America adopted this policy because they wanted to avoid effects of the war on their county and economy. The neutrality policy upheld the principles of impartiality, friendliness, and fairness. However, the successful implementation of this required the citizens’ loyalty to their nation. Wilson thought that America needed the neutrality concept for the protection of the diverse populations it held, which included people from different parts of the world, and different races. Therefore, neutrality was meant to serve as an instrument for expressing sympathy to the warring nations, since a part of America’s population was chiefly drawn from the warring countries (Tucker 1).

The neutrality policy needed true nationalism. This was expected to be portrayed in the media, through what journalists reported, what politicians said in public, and what ordinary citizens discussed in meetings. This was therefore a collective role by the whole nation. The reason Wilson gave for the neutrality policy is that if America got involved in war, this would result in divisions among its citizens, which would therefore jeopardize the county’s peace and stability. He warned against beaching neutrality by taking sides. To him, America was to uphold its integrity during those tying moments of war, which brought weariness to the souls of humanity. Therefore, being uninvolved would mean that America did not contribute to the perpetration of evil in the world (Tucker 9).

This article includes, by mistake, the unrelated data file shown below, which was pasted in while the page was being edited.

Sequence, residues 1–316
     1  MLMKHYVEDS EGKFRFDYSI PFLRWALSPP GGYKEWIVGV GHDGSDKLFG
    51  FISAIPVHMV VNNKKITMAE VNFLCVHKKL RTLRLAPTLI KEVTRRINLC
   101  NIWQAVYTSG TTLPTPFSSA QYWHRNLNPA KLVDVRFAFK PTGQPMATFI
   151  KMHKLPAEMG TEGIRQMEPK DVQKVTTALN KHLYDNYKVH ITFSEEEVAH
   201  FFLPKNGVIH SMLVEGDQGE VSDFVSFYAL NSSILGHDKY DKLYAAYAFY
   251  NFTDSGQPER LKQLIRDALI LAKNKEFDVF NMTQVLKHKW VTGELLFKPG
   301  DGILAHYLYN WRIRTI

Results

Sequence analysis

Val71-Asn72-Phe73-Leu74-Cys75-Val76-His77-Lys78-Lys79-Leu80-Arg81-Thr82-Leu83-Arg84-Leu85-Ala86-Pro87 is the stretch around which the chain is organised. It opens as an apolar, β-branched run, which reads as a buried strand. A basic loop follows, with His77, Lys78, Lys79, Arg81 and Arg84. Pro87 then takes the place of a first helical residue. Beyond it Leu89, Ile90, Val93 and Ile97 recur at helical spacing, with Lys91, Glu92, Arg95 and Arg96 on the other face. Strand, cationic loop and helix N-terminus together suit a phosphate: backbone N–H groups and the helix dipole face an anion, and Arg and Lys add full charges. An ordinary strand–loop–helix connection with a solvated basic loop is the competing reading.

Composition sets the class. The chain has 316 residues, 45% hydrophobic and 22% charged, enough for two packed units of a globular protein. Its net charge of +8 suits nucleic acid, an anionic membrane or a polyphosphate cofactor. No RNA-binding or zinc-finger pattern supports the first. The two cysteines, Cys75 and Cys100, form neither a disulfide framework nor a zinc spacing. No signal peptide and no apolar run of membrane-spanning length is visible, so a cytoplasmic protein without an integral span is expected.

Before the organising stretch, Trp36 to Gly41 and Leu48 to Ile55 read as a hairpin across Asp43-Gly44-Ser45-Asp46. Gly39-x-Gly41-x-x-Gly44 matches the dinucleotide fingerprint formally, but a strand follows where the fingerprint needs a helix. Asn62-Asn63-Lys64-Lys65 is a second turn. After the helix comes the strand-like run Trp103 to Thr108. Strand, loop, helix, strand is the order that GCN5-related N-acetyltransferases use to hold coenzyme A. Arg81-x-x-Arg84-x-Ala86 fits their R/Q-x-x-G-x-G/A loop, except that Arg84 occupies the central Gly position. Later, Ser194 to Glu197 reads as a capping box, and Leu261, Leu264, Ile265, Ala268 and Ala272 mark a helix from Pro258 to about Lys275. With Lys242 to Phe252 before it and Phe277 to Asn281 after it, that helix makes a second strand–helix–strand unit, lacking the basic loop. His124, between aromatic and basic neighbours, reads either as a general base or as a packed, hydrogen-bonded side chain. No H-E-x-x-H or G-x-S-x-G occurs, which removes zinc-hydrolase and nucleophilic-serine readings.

As a neutral state, the USA carried on with their businesses. Trade with merchants involved commodities such as, clothing, food, equipment, medicine, and weapons to both of the warring sides (Willoughby and Willoughby 58). America continued to keep all its ports neutral and open to serve all countries, so long as the purpose was not military oriented. Both sides of power had promised not to violate this condition. However, these countries took advantage of America’s neutrality to seize its merchant ships. Nonetheless, America settled this diplomatically by making them pay for the seized cargo.

With time, the USA faced challenges in maintaining this neutrality. The actions that Germany took in the early phase of the First World War made most Americans to be more inclined to the Entente powers. USA started to trade less with Germany, and impediments were placed on Germany such that they could not receive any goods from other countries. This forced Germany to adopt a sub-marine technology, which disregarded the neutral ships of America. In early 1915, President Wilson employed peace talks, which based on neutrality, between Germany and America, but Germany was unwilling to solve the conflict. Wilson preferred neutrality in this issue, since it was meant to avoid conflict and loss of life of Americans; it was a form of protection (Tucker 14).